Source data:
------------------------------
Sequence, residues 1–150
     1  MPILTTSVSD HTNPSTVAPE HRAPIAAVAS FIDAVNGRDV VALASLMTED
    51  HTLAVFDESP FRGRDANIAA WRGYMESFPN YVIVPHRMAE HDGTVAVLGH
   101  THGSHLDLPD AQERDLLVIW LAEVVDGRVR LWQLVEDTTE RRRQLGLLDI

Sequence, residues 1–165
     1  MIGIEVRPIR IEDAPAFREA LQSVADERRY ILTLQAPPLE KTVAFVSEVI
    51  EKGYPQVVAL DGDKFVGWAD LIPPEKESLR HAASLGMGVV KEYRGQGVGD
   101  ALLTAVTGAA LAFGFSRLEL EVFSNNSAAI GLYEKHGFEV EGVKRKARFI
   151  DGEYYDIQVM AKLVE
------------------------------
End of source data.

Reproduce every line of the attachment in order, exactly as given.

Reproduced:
Sequence, residues 1–150
     1  MPILTTSVSD HTNPSTVAPE HRAPIAAVAS FIDAVNGRDV VALASLMTED
    51  HTLAVFDESP FRGRDANIAA WRGYMESFPN YVIVPHRMAE HDGTVAVLGH
   101  THGSHLDLPD AQERDLLVIW LAEVVDGRVR LWQLVEDTTE RRRQLGLLDI

Sequence, residues 1–165
     1  MIGIEVRPIR IEDAPAFREA LQSVADERRY ILTLQAPPLE KTVAFVSEVI
    51  EKGYPQVVAL DGDKFVGWAD LIPPEKESLR HAASLGMGVV KEYRGQGVGD
   101  ALLTAVTGAA LAFGFSRLEL EVFSNNSAAI GLYEKHGFEV EGVKRKARFI
   151  DGEYYDIQVM AKLVE